Now, the city has prepared a request for development proposals (RFP). Respondents are called upon to:

 

  • Furnish proposals that would bring “substantial economic benefit” to downtown Panama City.
  • Provide for a balance between public access to water resources and private sector interests.
  • Demonstrate how a project would provide for complimentary architecture and a “dynamic destination for citizens and tourists.”
  • Ensure that the project would preserve or provide open vistas for marina waters.

 

The RFP states that a developer will be selected on the basis of qualifications and experience; financial capacity; project feasibility; development concepts; management team; and creativity. Work on the winner’s vision is likely to begin this year and to continue over a period of several years.

“It is sure to be carried out in phases,” Brudnicki said. “At this point, we don’t have a timeline.”    

Brudnicki, peering out from the waterfront mayor’s office at Panama City Hall, freely admits that he enjoys the view of the bay, “but the place where you go to pay your water bill doesn’t have to be on the water and the city doesn’t need to be in the business of running marinas. What we need is a public-private partnership and marina ownership gives us an opportunity to do that.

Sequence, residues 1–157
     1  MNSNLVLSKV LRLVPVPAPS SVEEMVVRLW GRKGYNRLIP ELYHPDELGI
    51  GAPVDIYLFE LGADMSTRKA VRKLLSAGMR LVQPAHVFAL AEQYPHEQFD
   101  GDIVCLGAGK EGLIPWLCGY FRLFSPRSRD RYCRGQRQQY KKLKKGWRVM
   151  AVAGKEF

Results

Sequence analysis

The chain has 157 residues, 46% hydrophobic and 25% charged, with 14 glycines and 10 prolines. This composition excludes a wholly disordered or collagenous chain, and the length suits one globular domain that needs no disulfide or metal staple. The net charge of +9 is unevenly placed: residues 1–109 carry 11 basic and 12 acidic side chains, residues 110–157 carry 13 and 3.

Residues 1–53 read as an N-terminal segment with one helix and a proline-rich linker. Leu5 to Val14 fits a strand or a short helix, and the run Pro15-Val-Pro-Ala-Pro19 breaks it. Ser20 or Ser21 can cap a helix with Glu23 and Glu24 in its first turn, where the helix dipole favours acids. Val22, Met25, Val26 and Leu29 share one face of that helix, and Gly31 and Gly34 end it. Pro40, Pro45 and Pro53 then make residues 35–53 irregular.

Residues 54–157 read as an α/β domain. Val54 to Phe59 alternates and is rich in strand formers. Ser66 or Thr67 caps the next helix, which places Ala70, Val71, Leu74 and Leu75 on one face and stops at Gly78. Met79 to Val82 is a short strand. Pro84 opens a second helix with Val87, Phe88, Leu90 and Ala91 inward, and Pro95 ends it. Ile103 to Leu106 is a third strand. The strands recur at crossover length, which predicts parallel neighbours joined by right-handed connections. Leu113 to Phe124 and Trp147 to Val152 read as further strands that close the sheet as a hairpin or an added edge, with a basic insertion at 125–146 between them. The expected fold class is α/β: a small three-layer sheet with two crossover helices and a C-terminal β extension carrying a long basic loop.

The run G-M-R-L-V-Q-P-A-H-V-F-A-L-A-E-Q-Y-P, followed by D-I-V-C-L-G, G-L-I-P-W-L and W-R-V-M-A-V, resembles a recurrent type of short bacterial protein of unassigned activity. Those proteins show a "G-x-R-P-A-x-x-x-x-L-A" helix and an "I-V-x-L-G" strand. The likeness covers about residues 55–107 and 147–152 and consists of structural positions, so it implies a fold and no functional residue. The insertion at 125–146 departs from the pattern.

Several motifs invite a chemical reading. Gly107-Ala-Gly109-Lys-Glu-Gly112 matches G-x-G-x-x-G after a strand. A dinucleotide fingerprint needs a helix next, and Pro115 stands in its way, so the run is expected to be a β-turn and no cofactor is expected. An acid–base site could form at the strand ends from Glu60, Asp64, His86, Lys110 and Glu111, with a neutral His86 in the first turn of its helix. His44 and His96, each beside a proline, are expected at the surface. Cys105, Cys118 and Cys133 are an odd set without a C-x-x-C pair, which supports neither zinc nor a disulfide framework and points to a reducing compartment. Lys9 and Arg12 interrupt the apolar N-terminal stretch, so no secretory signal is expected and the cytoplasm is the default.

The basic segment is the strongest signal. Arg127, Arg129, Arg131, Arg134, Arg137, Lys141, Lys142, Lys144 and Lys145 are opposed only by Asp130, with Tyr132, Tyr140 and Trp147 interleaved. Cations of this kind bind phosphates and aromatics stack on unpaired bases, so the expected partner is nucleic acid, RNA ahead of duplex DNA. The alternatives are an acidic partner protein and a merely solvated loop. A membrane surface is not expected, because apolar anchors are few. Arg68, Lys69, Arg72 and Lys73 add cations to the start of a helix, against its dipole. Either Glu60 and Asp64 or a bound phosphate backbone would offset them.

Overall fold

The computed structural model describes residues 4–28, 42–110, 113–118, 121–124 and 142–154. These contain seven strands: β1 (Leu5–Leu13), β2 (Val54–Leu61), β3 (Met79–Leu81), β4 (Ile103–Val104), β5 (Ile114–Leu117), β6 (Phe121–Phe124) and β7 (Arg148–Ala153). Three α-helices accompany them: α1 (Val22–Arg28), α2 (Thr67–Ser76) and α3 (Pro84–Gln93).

“It may be that in terms of facilities a developer will come in and tell me that what we have is about as good as it’s gonna get. But I don’t anticipate that. I want to look at our waterfront property as an income-producing asset and create as many revenue streams as possible.”

The city has needs. Water lines need to be replaced. (“God knows how old they are,” Brudnicki said.) Roads need to be fixed. Parks need to be spruced up. But it’s hard, the mayor said, to call upon someone to pony up if he’s living in a home so humble that it isn’t on the tax rolls.

Courtesy City of Panama City, Downtown Marina
With the city gaining ownership of the marina, planners hope to create a live, work, play environment. 

“We live in a tourist area, and we can make ourselves more attractive to visitors so that we benefit by more tourist dollars,” Brudnicki said. “We should have consumption taxes in place so that the lifelong residents of low-income neighborhoods like Millville or Glenwood finally benefit from living near the water.”